Historic Preservation The entire McMillan property is a designated historic site and its proposed redevelopment has undergone extensive review by the Historic Preservation Office (HPO) and the Historic Preservation Review Board (HPRB) through a series of public hearings over several years. The reviews informed a Master Plan based on preservation and design principles on which the PUD is based. On October 31, 2013, HPRB found the “revised concept designs to represent an architecturally coordinated and

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cohesive approach that specifically relates to the character of the McMillan Site.” Subsequent to the ZC approval of the PUD, a demolition permit to accommodate the Master Plan development was also reviewed and approved by the Mayor’s Agent 1 . The subdivision of the parcels on the Master Plan to create six separate parcels is currently being reviewed by the Mayor’s Agent and the DC Surveyors office. Although there are seven parcels shown on the Master Plan, Parcels 2 and 3 will be created as a single record lot with two theoretical building lots.

In regards to the proposed development of Parcel 2, HPRB at its April 30, 2015 found that,

revised concept’s height, massing, material palate, and detailing to be compatible with the previously- approved McMillan redevelopment master plan. The Board approved the reduced size of the bridge, but asked that it continue to be studied to relate more to the building it connects.(Exhibit 2F)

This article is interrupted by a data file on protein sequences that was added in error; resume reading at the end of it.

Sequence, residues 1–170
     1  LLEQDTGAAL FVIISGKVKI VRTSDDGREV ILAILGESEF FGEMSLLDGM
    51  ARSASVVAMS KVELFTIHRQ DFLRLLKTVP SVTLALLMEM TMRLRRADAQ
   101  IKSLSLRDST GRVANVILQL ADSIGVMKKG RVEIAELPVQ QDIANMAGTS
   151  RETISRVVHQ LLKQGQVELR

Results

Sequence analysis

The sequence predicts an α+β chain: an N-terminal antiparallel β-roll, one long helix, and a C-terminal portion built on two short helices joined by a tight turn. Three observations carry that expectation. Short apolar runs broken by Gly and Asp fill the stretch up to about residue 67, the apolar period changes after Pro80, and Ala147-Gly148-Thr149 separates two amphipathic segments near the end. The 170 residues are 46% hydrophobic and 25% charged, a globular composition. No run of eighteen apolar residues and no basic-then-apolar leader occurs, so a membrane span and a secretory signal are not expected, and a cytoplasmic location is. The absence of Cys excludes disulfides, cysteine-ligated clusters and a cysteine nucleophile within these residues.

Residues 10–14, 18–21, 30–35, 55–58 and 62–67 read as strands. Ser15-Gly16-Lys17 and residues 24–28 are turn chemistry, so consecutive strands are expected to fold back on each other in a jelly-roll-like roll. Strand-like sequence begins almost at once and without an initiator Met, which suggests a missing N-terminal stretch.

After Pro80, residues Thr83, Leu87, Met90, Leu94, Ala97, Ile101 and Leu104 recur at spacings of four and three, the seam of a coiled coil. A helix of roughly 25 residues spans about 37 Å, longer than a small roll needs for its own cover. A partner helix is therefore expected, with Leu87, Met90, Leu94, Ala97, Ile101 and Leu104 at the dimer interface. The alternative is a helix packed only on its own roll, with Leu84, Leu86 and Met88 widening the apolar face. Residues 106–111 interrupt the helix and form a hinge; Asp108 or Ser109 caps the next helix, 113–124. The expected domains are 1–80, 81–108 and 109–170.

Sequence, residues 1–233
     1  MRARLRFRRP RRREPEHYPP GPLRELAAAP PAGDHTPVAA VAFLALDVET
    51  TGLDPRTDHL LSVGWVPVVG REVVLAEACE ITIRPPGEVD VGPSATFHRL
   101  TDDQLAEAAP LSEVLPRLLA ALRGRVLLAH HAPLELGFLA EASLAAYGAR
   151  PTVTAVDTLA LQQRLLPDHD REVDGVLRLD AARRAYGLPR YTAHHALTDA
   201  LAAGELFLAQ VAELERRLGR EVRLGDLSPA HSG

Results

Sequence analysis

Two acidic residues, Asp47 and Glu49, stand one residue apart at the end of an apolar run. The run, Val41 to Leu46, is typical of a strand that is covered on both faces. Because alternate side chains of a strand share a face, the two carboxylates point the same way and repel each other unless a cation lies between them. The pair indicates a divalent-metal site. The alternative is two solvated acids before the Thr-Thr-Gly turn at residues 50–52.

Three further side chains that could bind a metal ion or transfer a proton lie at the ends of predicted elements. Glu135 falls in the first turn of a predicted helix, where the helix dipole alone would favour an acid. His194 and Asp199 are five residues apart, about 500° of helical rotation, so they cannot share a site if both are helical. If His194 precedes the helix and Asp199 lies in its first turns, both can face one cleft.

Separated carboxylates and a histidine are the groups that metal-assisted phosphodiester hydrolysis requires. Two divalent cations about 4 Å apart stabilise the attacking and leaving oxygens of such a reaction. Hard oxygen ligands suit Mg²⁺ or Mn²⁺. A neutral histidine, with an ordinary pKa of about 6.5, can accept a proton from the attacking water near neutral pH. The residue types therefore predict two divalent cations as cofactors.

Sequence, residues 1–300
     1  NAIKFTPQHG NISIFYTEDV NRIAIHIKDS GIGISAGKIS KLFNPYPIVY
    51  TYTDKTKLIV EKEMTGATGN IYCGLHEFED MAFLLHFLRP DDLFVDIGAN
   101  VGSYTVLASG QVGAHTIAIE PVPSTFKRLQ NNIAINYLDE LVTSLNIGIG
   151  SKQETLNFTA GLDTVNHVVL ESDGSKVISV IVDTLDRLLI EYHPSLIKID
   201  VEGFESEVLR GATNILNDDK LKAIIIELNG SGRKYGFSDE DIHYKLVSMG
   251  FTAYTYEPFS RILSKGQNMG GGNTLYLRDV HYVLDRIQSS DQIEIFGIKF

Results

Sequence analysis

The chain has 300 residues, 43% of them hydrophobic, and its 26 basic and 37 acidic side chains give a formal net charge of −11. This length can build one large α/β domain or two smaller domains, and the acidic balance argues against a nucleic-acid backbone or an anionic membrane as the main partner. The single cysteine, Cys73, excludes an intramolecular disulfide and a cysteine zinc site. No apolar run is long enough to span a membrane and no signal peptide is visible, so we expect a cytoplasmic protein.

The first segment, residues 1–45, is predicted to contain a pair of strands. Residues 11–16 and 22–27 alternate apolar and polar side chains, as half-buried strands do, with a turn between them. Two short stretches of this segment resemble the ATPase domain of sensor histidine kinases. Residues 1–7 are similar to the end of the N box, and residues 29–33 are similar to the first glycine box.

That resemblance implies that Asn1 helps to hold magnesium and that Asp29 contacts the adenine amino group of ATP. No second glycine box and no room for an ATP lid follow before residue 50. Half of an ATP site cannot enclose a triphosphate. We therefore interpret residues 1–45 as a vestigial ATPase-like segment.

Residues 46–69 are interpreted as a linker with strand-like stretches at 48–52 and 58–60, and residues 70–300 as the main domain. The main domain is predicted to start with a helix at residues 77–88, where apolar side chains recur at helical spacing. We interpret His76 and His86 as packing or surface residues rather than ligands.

the

V.

PROPOSAL

Parcel 2 is within the Central Sector of the Master Plan and has a lot area of 66,654 square feet. It is proposed to be developed with a seven-story (82.5 feet high), mid-rise structure joined together below grade (parking) and above grade at floors 3 to 7 2 . The building would have an area of 243,050 gross square feet (5.04 FAR 3 ), including 224,278 gross square feet of residential use (236 units) and 18,772 gross square feet of ground floor retail uses.

The residential use would consist of 41 studio units; 16 one-bedroom Jr. units, 118 one-bedroom units; 11 one bedroom + den units and 50 two-bedroom units. Of the 236 units, 50 would be affordable at up to 80% of AMI. The retail and residences would be supported by 222 below grade parking spaces.